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Commuting is often cited as one of the main negative aspects of in-office work. It was rarely an issue of inequity when everyone was on-site, and it certainly wasn't an issue when everyone was remote. In a hybrid workplace, however, the number of hours dedicated to work in a day depends on where that person conducts their work.
Remote workers not only experience less commute-induced stress, they also get to enjoy a better work-life balance. Having the ability to sleep in a little later, coordinate household chores while working, perhaps even have lunch with their family, are all things an onsite employee cannot enjoy. What's more, it's much more comfortable working on a deadline late into the evening from the comfort of one's own home than it is staying late at the office.
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All of these differences in the way work must be handled — and what is being neglected as a result — can cause onsite workers to feel unfairly treated. But employers don't have to wait for resentment to appear before addressing this reality.
“You want to make it clear, ideally on a conference call with everyone present, that both office workers and those working at home will be evaluated the same way,” said Michal Laszuk, a content writer at Warsaw, Poland-based PhotoAid.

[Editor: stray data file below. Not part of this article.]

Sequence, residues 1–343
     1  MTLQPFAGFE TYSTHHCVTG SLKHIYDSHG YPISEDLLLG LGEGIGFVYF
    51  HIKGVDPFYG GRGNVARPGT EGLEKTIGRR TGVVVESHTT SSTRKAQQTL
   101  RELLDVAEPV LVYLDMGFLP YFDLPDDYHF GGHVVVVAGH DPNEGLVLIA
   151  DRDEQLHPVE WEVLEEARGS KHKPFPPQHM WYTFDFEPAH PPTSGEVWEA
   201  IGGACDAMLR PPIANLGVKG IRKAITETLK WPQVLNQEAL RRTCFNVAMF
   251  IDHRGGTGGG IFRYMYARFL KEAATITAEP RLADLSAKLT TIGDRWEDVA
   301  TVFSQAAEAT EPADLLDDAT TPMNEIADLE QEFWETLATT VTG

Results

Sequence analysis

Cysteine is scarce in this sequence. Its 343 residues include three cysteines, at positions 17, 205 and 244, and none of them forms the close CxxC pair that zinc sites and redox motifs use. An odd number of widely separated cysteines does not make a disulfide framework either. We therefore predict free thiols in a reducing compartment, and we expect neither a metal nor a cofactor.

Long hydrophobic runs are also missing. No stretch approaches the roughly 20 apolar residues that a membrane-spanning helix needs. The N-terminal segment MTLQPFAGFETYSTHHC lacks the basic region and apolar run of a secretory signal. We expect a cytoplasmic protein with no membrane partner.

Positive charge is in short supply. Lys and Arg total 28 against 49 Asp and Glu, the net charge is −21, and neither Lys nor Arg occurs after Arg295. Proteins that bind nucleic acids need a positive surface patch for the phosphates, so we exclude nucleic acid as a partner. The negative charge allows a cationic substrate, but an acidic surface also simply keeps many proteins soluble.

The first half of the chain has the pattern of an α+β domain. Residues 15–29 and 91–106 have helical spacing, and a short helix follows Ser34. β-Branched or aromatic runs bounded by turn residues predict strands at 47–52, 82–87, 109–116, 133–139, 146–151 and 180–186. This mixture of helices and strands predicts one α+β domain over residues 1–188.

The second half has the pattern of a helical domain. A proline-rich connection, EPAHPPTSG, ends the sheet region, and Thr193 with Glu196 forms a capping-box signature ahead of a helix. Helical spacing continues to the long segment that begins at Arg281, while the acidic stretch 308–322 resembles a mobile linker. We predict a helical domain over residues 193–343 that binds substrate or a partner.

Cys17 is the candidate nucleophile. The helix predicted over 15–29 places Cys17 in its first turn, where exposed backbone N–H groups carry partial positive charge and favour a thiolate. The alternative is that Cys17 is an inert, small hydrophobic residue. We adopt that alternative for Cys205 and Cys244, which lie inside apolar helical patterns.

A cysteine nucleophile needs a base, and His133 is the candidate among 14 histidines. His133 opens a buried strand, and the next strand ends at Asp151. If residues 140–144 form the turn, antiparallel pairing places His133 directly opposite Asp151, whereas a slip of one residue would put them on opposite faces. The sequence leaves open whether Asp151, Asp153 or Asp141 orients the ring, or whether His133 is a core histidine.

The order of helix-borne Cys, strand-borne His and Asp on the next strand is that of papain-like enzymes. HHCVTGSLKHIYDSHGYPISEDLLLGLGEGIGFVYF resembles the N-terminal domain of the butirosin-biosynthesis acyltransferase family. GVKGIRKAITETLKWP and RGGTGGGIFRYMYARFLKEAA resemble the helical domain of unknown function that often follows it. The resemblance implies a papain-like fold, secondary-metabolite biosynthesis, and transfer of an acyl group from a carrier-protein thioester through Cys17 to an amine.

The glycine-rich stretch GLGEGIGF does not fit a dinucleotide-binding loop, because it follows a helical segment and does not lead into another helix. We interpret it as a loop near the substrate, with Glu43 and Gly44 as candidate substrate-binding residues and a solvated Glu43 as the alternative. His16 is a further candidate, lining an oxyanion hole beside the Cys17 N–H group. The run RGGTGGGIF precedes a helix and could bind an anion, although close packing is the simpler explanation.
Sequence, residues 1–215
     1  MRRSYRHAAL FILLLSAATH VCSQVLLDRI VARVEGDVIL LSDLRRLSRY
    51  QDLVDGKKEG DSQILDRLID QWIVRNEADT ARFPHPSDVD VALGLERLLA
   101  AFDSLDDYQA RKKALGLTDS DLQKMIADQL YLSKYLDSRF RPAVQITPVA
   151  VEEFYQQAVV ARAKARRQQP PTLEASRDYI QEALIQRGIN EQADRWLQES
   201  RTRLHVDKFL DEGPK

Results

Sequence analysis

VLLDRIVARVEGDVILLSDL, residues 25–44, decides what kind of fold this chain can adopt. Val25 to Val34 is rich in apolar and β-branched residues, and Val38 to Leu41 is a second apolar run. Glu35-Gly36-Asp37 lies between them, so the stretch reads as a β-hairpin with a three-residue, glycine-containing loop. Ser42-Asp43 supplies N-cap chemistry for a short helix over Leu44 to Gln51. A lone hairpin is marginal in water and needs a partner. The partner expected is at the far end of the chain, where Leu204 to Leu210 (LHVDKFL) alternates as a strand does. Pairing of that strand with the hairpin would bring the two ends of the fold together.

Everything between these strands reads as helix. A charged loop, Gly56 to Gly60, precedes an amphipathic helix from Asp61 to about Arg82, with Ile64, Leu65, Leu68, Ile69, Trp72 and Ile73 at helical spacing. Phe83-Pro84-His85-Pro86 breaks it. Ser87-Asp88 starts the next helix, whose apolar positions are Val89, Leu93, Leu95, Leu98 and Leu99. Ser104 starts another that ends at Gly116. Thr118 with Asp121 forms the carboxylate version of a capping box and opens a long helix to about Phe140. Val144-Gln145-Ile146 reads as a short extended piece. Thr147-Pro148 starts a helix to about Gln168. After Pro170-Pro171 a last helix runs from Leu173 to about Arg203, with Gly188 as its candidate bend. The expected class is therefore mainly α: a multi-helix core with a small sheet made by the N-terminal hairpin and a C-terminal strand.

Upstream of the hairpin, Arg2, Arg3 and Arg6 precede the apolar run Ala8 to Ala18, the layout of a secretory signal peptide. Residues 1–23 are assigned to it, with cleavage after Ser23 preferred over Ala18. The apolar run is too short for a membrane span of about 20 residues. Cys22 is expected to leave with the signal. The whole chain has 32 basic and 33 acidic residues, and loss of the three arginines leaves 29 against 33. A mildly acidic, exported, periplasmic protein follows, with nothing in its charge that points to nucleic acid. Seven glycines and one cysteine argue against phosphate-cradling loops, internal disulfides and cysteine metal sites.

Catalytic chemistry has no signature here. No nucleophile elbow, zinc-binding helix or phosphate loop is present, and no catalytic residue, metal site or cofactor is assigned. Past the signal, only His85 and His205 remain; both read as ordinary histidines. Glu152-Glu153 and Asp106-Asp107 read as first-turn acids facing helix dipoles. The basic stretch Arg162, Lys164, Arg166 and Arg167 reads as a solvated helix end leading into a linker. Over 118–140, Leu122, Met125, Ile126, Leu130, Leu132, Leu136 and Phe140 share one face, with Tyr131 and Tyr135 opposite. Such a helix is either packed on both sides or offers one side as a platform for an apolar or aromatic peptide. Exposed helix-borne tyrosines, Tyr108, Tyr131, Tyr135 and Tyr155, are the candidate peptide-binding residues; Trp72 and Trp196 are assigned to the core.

Socializing and Camaraderie
Remote workers often miss out on the social bonds that naturally form among onsite employees who work together each day. The water cooler conversation may have become a cliché, but it is real. Team members who only interact with other employees via a handful of work-related emails each week can miss out on the camaraderie.
Additionally, remote workers may face life challenges that may affect their work output and not have anyone to talk to about it or lift their spirit. Being in the office may take their mind off these problems, but they are at home where they have to face those challenges without escape.
These differences can become another reason for resentment. But Yancey offered a solution: "For the remote workers, managers should consider scheduling time with employees to check in on things unrelated to their job, to replicate the water cooler talk that they are missing by working from home.”
With the technology available today, leaders can also arrange social activities online such as group lunches or trivia games where everyone gets to enjoy one another in a non-formal way.
Related Article: Remote Work Isn’t the Culture Killer Everyone Predicted
The Relationship Dynamic of the Hybrid Workforce
Remote and in-office staff resentment can arise for several reasons, but employers can curb these tensions before they become a bigger issue.
One popular way to address these issues is to offer a feedback box, where employees can leave comments and suggestions on improving the work culture and bridging the divide between onsite, remote and hybrid team members.
Also, employers should ensure managers treat all employees fairly, regardless of status. Transparency and openness are key to this. Communicating clearly how the company is addressing the pros and cons of each group of workers can make a difference in how employees perceive one another.
"You’ve got to be fair and apply the same rules towards both groups of your employees,” said Laszuk.